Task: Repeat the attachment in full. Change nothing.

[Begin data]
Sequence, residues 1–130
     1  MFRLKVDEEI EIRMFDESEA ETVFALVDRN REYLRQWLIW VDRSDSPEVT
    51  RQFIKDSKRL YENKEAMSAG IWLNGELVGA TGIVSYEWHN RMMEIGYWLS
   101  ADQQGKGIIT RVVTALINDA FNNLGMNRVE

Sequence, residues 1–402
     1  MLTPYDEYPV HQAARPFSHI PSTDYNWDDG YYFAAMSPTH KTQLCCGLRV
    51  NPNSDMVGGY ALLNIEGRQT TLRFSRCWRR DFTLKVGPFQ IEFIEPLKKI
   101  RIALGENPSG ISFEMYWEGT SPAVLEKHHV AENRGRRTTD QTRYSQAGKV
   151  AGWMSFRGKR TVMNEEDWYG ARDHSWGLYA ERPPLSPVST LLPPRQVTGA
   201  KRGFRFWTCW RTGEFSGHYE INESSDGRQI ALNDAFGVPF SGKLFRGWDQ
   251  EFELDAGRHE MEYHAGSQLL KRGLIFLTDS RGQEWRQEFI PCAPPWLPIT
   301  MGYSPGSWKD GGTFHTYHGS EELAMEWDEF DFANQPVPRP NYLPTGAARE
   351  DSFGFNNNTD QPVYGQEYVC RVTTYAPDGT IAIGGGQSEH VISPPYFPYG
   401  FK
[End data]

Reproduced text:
Sequence, residues 1–130
     1  MFRLKVDEEI EIRMFDESEA ETVFALVDRN REYLRQWLIW VDRSDSPEVT
    51  RQFIKDSKRL YENKEAMSAG IWLNGELVGA TGIVSYEWHN RMMEIGYWLS
   101  ADQQGKGIIT RVVTALINDA FNNLGMNRVE

Sequence, residues 1–402
     1  MLTPYDEYPV HQAARPFSHI PSTDYNWDDG YYFAAMSPTH KTQLCCGLRV
    51  NPNSDMVGGY ALLNIEGRQT TLRFSRCWRR DFTLKVGPFQ IEFIEPLKKI
   101  RIALGENPSG ISFEMYWEGT SPAVLEKHHV AENRGRRTTD QTRYSQAGKV
   151  AGWMSFRGKR TVMNEEDWYG ARDHSWGLYA ERPPLSPVST LLPPRQVTGA
   201  KRGFRFWTCW RTGEFSGHYE INESSDGRQI ALNDAFGVPF SGKLFRGWDQ
   251  EFELDAGRHE MEYHAGSQLL KRGLIFLTDS RGQEWRQEFI PCAPPWLPIT
   301  MGYSPGSWKD GGTFHTYHGS EELAMEWDEF DFANQPVPRP NYLPTGAARE
   351  DSFGFNNNTD QPVYGQEYVC RVTTYAPDGT IAIGGGQSEH VISPPYFPYG
   401  FK